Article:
Southgate stakes England claim with Scotland romp
By Toby Davis
LONDON (Reuters) - Nearing the end of his four-game audition and having swept away the 'Auld Enemy' at Wembley, Gareth Southgate is seemingly poised to leave questions about his suitability to be England manager in his wake and claim the job permanently.
A trio of headers from Daniel Sturridge, Adam Lallana and Gary Cahill secured a 3-0 victory that kept England top of their World Cup qualifying group and added an air of inevitability to Southgate being promoted from his interim role.
The buildup to Friday's Group F encounter was filled with reports that the Football Association were already minded to hand him the job, barring an embarrassing defeat in the latest instalment of the oldest rivalry in international football.
Yet with that hurdle safely overcome and his rivals for the position having all seemingly dropped by the wayside, the route is now clear for the former Middlesbrough and England under-21 boss to be installed.
"I have loved it and enjoyed the role and responsibility, the challenge of every part of it," Southgate, who was initially appointed for four games, told reporters following Friday's victory.
Southgate's elevation to odds-on favourite for the role is remarkable given he was not in the running when Sam Allardyce was appointed in June for his short-lived reign.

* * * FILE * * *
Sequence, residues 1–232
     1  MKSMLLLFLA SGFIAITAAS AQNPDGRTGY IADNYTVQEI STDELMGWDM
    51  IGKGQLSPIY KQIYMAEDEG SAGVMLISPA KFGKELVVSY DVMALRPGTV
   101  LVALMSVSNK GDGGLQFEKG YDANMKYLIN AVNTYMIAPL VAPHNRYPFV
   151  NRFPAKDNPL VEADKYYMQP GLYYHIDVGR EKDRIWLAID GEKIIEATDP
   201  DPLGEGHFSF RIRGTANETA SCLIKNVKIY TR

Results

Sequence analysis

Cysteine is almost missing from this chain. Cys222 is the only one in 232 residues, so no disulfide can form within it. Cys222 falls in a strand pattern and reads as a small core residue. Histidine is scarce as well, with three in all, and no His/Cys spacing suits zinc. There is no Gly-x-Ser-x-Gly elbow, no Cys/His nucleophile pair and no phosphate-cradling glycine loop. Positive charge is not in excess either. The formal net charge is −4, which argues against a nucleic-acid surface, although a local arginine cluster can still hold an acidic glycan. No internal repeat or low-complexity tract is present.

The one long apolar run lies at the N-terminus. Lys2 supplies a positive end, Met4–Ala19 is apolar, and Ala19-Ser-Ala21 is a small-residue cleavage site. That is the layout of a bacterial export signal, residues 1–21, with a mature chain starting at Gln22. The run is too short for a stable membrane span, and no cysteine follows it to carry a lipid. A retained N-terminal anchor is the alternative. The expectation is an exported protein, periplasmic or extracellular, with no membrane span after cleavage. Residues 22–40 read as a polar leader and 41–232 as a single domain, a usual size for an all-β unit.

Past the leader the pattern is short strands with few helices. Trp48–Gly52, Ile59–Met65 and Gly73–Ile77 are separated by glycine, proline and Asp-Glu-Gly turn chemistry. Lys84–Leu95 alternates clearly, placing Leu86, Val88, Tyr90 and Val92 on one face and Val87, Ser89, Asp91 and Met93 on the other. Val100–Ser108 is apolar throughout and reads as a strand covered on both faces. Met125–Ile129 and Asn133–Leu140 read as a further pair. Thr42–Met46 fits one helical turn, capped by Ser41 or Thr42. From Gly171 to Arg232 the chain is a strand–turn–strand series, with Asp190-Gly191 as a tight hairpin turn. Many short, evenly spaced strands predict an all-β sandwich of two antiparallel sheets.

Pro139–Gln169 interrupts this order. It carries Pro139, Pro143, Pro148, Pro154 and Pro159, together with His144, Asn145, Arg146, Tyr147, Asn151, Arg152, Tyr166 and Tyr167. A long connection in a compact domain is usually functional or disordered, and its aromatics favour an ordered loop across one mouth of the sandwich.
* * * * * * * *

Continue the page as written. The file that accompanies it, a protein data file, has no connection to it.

While his coronation is unlikely to generate much excitement among fans -- he has only ever managed one club, Middlesbrough, who sacked him after three years following relegation -- his stock at the FA is high.
He has become part of the furniture at English football's governing body, having successfully led the under 21s and now steered the senior team through a period of turmoil in the wake of Allardyce's departure after 67 days following a newspaper sting.
With rivals for the role seemingly thin on the ground, Southgate will feel justified in assuming he has done enough to see off the threat posed by Bournemouth's Eddie Howe, former Manchester City boss Roberto Mancini and Aston Villa's Steve Bruce, who have all been touted as possible alternatives.
Critics will say he has faced no serious test in his three matches to date, but Southgate has steered a listing ship through choppy waters and is now warming to the task.
"I get that it isn't as enjoyable if you don't win but it's been a brilliant experience and I have taken so much from it, we have created a good environment," he said.
(Reporting by Toby Davis, editing by Pritha Sarkar)